Somewhere in the moment between sleep and waking, I understood why I was afraid

We can forgive a child who is afraid of the dark;
the real tragedy of life is when men are afraid of the light.

(As an aside,  I think lots of my realization has to do with some of the posts Tara has been writing in the past month or two.)

So I laid down to take a nap this evening (stupid uterus, stupid brain), and as I'm drifting off to sleepyland, I begin to meditate on why I've had such a hard time getting back into my routine:  I knew that I wanted to give myself a bit of a break during the wedding so I could enjoy being there, and I did; I knew that I wanted to give myself a bit of a break after the wedding to find a more sustainable exercise routine and diet; and, I knew that this "vacation" was going to be a finite amount of time.

While I have made a plan to get back into the swing of things, my actions are not consistent with those plans.

After 8 months of food logging (Feb-Sept) and being dedicated to my food plan, I backed off of food logging in October.  I'd like to say there was noble intent in there (such as to prove to myself that I could trust my hunger and my food choices), but I think it was more that I knew I had HUGE deficits, wasn't eating enough to fuel my 3500-4000 calorie burns, and felt like a bit of a hypocrite telling people the importance of food logging while not doing it myself.  More recently, though, my food choices haven't have been as meticulous.  I'm not binging, I'm not emotional eating, but I am letting my stomach be the guide.  If a hamburger sounds right to my stomach, I'll give my stomach a really good hamburger.  I even bought a half gallon of ice cream and it's in my freezer now.  **Gasps**  (And while I'm not logging, I feel like I'm eating a more balanced, healthy diet over all.  It looks and feels much different than the diet from a year ago.)

In September I ran 100 miles.  In October I ran 120 miles.  So far in November I've run 10 miles.  Granted these are 10 miles I would have never run a year ago, but it represents 2 days in the gym out of 17 days in the month.  I wear my BodyMediaFit device, but it's beginning to feel neglected.  "Oh, another Basal Metabolic Rate day, eh? Sure you don't want to go for a walk or something?"

Nope. I've pretty much been hibernating for the past 2 weeks.

So what gives?

Since this is my place to be honest, I have no choice to be honest:  I was petrified.

I forget where, but I saw a blurb that it's harder to keep weight off if you've always been overweight/obese than if you were thin, gained weight, and then lost it.  I don't know how true this is but it has been festering in the back of my mind.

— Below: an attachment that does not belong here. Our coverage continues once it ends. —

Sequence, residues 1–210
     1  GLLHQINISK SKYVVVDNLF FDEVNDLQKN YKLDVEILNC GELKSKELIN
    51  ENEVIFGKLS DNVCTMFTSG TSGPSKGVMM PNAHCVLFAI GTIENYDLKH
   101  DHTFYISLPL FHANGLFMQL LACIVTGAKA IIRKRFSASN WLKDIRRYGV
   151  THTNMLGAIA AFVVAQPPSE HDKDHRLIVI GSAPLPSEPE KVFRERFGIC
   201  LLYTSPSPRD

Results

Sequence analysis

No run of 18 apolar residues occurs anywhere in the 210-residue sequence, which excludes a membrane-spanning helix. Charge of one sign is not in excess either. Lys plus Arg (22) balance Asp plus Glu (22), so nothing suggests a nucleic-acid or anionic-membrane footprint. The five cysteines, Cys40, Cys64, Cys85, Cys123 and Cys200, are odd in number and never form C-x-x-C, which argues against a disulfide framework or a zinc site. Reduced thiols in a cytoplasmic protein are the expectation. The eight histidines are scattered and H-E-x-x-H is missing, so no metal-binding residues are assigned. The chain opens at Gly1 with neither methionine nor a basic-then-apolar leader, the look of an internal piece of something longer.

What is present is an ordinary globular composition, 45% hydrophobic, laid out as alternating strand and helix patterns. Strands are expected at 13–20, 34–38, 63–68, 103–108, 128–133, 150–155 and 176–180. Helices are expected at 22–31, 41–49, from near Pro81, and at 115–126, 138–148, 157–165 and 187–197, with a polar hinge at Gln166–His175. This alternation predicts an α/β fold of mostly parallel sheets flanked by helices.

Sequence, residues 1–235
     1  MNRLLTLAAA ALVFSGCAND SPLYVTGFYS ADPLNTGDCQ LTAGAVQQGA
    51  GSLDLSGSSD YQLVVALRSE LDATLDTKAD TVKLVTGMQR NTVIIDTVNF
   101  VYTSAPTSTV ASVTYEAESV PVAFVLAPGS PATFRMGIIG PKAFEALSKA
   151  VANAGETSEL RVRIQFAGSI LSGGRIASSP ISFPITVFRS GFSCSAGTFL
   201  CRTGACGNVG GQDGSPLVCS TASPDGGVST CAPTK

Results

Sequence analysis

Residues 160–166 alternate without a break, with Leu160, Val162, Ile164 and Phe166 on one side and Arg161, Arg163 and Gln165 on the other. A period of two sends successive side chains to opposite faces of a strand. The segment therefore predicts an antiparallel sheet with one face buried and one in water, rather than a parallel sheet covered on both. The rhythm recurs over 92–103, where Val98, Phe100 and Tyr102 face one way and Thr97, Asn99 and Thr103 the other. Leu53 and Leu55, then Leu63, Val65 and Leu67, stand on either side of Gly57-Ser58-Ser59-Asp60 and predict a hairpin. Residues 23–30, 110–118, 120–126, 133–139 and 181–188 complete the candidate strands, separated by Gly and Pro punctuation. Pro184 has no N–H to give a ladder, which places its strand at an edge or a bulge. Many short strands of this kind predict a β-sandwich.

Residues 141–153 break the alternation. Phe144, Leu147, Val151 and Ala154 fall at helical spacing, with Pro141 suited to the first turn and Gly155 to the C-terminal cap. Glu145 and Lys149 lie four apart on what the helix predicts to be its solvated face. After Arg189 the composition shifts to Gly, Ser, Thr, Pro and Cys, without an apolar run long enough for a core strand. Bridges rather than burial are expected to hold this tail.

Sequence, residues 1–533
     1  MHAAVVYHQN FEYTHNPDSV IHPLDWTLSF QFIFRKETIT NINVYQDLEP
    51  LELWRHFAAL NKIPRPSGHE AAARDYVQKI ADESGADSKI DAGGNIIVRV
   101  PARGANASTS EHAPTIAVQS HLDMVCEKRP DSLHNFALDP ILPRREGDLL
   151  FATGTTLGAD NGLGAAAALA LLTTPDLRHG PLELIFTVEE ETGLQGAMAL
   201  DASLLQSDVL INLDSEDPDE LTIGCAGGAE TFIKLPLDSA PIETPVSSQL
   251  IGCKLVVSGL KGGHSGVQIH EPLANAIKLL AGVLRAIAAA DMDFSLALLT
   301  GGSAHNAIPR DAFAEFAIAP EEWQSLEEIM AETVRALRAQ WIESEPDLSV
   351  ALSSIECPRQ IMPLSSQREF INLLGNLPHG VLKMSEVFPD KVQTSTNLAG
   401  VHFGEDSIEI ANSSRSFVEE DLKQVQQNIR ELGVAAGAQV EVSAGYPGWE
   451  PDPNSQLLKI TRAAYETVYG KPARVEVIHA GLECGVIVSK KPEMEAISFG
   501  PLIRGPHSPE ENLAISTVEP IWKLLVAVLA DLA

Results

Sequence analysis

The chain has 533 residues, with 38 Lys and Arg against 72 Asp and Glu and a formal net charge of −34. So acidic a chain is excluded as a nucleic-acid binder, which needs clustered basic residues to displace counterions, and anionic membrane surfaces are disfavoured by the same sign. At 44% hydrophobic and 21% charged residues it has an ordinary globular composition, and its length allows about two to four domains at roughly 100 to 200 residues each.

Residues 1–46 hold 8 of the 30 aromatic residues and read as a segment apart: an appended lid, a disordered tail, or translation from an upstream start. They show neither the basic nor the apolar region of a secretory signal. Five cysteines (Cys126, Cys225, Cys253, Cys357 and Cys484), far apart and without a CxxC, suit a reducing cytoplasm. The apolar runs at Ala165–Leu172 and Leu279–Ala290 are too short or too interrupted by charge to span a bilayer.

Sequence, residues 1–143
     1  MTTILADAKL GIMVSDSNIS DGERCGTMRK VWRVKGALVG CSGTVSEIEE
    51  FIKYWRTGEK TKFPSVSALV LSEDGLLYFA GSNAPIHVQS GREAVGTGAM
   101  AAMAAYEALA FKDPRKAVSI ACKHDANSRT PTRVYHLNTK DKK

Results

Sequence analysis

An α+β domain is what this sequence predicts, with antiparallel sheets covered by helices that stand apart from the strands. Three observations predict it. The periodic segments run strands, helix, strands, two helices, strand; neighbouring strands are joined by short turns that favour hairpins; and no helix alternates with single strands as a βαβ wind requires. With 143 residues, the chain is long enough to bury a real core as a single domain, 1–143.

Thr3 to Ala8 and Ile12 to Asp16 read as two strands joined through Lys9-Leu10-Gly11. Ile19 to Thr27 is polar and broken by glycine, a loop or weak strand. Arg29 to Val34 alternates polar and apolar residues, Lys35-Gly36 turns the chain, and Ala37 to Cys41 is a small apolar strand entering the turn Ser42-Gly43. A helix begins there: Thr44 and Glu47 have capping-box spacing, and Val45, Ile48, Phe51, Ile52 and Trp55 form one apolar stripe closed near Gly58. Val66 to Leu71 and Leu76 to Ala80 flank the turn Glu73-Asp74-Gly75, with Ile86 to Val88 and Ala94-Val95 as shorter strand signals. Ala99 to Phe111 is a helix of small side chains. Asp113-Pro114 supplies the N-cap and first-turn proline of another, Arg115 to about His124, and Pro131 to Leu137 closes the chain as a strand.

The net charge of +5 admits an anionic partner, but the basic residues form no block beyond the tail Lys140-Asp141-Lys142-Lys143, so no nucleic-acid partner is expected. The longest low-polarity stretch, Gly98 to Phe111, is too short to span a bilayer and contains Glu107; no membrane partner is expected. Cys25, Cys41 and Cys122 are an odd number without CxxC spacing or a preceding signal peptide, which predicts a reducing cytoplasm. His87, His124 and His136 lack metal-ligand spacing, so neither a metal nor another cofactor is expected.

I knew just how hard I worked to lose the most recent 29lbs (from February to November 1). I remembered the sweat and the miles and the feeling like I was going to die in a gym and I said to myself "WELL FUCK THAT NOISE."

Yep, there was a moment there when I wanted to abandon all of this.  I loved the compliments from people who hadn't seen me in a decade, but the other half of me was just so wrapped up in my own personal drama of "I really thought I'd be further along than this."  I doubted my commitment, my motivation, my intentions, everything. 

Deep in the heart of all this doubt was a whole lot of fear.  I was afraid I couldn't keep up the level of intensity.  I was afraid of what my life would have to look like to reach my goal weight.  I was afraid that I'd get to my goal weight and think it was not enough.  I mean, when I was first setting my goals with my dietitian, we set my goal weigh at 170-175lbs.  Going from 199 to 188 was exhausting.  I was afraid of what it would take to go from 188 to 175.  I am afraid that if I get to 175 and still have belly fat that I will feel hopeless.

But as soon as I addressed this fear about maintaining all of the new habits I created, about having the psychological and physical fortitude to keep on this path the fears loosened their grip a little.  I haven't figured this all out, but I know beyond a shadow of a doubt, I don't ever want to be where I was a year ago.

I will take the fear of success over the fear of failure any day of the week.